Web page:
The Miami-Dade Zoological Park and Gardens, branded and commonly known as Zoo Miami, formerly known as Miami MetroZoo, is the largest and oldest zoological garden in Florida, and the only tropical zoo in the United States. It is located on the old Richmond Naval Air Station site, southwest of Miami in southern metropolitan Miami-Dade County, in the center of the census-designated places of Three Lakes (north), South Miami Heights (south), Palmetto Estates (east) and Richmond West (west). It houses over 2,000 animals on 740 acres (299 ha), 324 acres (131 ha) of which are developed. It is about 3 mi (5 km) around if walked on the path, and has over 100 exhibits.
Everglades National Park is one of the most unique ecosystems in the country. It’s also one of the most exciting places in South Florida to explore. These lush subtropical wetlands occupy 1.5 million acres of sawgrass prairies, hardwood hammocks, saltwater marshes and a diverse population of wildlife that includes bald eagles, white-tailed deer, and of course the Florida alligator.
- RV’s Camping: While it’s true that camping options within Greater Miami are somewhat limited, you’ll be rewarded by charming spots offering tropical flora and fauna. One of the most popular camping areas in Miami is Larry & Penny Thompson Campground, which is the only public place in Miami-Dade County where you can hook up an RV. Located adjacent to world-famous Zoo Miami, Larry & Penny Thompson Campground has 270 acres of natural South Florida woodland, bridle trails and hiking paths.
- Cabin Camping: In North Miami, camping spots include Greynolds Park, which offers Camp Greynolds, eight cabins made of natural wood and stone with cushioned bunk beds, dining hall with a fireplace and full kitchen, and a canoe launch. Also located in North Miami is Oleta River State Park, which has 14 small cabins with covered porches and picnic tables. Oleta River is a popular spot for canoeing and kayaking, and also offers miles of mountain bike trails.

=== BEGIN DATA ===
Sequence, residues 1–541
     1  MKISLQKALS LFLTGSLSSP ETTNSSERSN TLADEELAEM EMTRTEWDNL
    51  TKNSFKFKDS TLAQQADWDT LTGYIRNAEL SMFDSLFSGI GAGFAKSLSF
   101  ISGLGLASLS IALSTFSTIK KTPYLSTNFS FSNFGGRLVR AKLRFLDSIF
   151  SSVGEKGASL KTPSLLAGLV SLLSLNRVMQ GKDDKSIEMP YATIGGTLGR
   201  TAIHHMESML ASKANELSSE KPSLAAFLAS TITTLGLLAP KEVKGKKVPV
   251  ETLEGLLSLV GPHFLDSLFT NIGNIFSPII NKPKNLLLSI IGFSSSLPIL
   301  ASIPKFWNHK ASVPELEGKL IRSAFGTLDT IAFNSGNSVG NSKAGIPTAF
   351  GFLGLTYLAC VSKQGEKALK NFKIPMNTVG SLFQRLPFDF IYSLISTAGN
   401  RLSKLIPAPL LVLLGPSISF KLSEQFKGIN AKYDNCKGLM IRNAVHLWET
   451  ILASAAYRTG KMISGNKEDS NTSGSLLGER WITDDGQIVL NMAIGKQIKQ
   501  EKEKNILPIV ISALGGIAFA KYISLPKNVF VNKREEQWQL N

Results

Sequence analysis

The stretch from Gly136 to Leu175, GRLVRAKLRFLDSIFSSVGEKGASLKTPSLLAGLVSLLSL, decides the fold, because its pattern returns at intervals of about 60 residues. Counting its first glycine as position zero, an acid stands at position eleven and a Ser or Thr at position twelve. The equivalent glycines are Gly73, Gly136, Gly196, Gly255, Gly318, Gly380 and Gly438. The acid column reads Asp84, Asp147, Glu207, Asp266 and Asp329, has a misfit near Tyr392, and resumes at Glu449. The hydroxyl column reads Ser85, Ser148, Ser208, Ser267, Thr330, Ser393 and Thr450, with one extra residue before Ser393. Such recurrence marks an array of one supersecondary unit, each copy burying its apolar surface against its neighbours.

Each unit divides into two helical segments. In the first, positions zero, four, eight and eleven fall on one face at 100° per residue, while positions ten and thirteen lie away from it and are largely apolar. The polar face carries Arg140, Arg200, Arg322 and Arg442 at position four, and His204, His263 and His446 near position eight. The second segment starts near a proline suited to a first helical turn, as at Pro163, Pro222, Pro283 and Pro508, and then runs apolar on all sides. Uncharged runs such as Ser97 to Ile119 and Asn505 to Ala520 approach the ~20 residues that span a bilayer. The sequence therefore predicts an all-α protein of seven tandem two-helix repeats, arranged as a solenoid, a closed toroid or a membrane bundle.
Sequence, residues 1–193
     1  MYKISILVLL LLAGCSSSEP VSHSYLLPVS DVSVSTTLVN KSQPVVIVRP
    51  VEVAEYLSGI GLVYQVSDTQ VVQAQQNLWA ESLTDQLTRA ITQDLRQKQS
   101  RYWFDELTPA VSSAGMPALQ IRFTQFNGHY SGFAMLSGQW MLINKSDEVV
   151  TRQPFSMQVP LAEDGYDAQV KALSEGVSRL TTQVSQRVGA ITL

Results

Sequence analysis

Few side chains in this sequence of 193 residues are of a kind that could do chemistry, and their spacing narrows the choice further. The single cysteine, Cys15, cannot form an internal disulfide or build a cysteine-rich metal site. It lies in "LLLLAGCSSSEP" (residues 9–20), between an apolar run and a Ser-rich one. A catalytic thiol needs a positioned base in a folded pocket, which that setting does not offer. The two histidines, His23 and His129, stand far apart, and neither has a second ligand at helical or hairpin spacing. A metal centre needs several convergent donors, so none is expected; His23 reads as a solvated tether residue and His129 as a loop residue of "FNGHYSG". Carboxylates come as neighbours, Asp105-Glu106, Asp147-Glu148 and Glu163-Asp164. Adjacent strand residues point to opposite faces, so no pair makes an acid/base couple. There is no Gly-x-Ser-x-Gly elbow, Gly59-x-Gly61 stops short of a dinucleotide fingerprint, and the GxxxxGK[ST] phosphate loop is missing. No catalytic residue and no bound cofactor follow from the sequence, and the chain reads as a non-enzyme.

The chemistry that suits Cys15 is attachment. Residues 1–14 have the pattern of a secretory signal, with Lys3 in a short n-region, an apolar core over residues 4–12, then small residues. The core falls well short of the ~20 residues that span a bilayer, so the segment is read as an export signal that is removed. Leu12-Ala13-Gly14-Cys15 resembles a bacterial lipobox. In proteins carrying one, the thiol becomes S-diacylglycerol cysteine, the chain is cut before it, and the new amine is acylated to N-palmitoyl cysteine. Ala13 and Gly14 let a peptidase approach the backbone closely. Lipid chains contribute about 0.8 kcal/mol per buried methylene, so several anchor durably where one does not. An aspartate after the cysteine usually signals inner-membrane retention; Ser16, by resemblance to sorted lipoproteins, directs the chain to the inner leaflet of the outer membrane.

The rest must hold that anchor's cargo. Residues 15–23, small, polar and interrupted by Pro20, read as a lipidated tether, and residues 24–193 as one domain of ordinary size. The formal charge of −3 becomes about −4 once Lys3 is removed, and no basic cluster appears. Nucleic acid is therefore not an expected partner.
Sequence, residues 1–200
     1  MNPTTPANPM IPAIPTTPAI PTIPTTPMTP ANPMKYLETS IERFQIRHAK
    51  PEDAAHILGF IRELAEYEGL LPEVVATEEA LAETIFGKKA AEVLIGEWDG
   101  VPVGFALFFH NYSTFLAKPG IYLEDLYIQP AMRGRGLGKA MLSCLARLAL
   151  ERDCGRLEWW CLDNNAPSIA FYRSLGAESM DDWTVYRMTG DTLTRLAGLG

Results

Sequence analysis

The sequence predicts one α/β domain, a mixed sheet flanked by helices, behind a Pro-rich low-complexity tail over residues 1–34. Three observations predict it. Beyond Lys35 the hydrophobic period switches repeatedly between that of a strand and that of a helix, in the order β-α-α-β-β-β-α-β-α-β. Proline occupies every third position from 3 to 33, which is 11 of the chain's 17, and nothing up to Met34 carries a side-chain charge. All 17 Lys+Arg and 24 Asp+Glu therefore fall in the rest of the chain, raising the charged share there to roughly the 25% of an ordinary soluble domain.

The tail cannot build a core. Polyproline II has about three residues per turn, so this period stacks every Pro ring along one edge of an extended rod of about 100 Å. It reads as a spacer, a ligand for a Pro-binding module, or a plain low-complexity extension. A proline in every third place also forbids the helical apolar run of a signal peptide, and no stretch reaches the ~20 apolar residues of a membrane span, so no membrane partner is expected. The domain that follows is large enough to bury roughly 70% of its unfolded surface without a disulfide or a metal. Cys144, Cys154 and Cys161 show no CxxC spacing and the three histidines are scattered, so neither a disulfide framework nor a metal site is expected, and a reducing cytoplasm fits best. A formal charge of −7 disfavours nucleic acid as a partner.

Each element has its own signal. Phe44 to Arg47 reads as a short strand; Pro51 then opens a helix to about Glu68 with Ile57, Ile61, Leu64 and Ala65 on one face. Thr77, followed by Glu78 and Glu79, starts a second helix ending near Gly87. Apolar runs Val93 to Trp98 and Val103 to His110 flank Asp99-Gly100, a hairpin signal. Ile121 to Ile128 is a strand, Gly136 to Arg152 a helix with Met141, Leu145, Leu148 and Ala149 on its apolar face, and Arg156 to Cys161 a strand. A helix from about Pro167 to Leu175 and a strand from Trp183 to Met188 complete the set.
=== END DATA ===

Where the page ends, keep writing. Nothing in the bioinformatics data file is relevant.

- National Park Camping: Miami has two national parks where camping is permitted: Everglades National Park and Biscayne National Park. Camping in Biscayne National Park can only be done on two islands: Boca Chita Key and Elliott Key. There is no RV camping in this park.
The Miami bike scene has been accelerating for the past few years. In fact, Miami is committed to becoming a Bicycle Friendly City by 2012. Miami and Miami Beach are continuing their efforts to make the local landscape a more bike friendly place. Community rides, biking fundraisers and community events such as Bike Miami Days have helped generate enthusiasm for cycling.
- Decobike: On Miami Beach, the DecoBike sharing program gives locals and visitors 18 years or older easy access to beach cruisers at 100 solar-powered DecoStations, found at decobike.com or by downloading the app. Riders can check out from any station and return to any station.
- Bike Trails: One of the newest Miami bike trails is the Virginia Key Bike Trail, located at 4201 Rickenbacker Causeway on Key Biscayne. The trail is accessible through the entrance to Virginia Key (across from the Miami Seaquarium). Follow trail signs that will take you to the northern end of Virginia Key. Shaded by Australian pine trees and mangrove thickets, Oleta River State Park in North Miami offers more than 14 miles of mountain bike trails. One of the prettiest neighborhood bike rides is the stretch along Old Cutler Road from Sunset Drive to Matheson Hammock Park.
- Bike Tours: Deering Estate at Cutler offers an Eco-Bike Tour on the 4th Saturday of the month, which is seasonal. This guided tour lets you bike along historic limestone trails through the native ecosystems preserved at the Deering Estate at Cutler. HistoryMiami offers Eco-History bike tours of several interesting Miami neighborhoods like Coconut Grove and Coral Gables.